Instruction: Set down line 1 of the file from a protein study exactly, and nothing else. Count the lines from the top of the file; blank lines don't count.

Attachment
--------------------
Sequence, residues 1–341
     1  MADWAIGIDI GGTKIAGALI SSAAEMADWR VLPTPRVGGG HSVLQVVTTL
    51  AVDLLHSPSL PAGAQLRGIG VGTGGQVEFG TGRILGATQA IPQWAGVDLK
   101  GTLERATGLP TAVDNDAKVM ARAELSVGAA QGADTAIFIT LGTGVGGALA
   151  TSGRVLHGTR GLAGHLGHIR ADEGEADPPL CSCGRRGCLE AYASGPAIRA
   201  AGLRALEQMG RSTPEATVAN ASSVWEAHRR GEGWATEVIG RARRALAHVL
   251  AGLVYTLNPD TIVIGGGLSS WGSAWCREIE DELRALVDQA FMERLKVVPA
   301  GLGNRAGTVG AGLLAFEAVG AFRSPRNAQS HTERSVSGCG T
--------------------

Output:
Sequence, residues 1–341